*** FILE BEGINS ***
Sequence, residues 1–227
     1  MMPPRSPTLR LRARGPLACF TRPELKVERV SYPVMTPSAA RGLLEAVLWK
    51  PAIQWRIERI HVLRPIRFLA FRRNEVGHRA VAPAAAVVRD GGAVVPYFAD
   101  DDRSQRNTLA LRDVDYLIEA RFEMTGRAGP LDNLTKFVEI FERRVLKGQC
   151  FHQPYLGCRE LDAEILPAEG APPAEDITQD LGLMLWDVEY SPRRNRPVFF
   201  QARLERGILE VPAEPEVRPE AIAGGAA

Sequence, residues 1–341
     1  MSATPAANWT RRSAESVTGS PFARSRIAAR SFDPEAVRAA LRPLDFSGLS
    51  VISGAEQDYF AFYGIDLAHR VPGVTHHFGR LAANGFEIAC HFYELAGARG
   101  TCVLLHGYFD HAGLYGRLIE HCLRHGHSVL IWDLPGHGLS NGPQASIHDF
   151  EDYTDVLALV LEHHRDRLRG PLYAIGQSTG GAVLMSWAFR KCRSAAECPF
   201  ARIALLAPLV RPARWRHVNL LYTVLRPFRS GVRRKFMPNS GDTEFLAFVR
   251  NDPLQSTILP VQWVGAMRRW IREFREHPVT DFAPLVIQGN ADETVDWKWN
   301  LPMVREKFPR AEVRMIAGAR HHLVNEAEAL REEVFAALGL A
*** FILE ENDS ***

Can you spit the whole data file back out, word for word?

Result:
Sequence, residues 1–227
     1  MMPPRSPTLR LRARGPLACF TRPELKVERV SYPVMTPSAA RGLLEAVLWK
    51  PAIQWRIERI HVLRPIRFLA FRRNEVGHRA VAPAAAVVRD GGAVVPYFAD
   101  DDRSQRNTLA LRDVDYLIEA RFEMTGRAGP LDNLTKFVEI FERRVLKGQC
   151  FHQPYLGCRE LDAEILPAEG APPAEDITQD LGLMLWDVEY SPRRNRPVFF
   201  QARLERGILE VPAEPEVRPE AIAGGAA

Sequence, residues 1–341
     1  MSATPAANWT RRSAESVTGS PFARSRIAAR SFDPEAVRAA LRPLDFSGLS
    51  VISGAEQDYF AFYGIDLAHR VPGVTHHFGR LAANGFEIAC HFYELAGARG
   101  TCVLLHGYFD HAGLYGRLIE HCLRHGHSVL IWDLPGHGLS NGPQASIHDF
   151  EDYTDVLALV LEHHRDRLRG PLYAIGQSTG GAVLMSWAFR KCRSAAECPF
   201  ARIALLAPLV RPARWRHVNL LYTVLRPFRS GVRRKFMPNS GDTEFLAFVR
   251  NDPLQSTILP VQWVGAMRRW IREFREHPVT DFAPLVIQGN ADETVDWKWN
   301  LPMVREKFPR AEVRMIAGAR HHLVNEAEAL REEVFAALGL A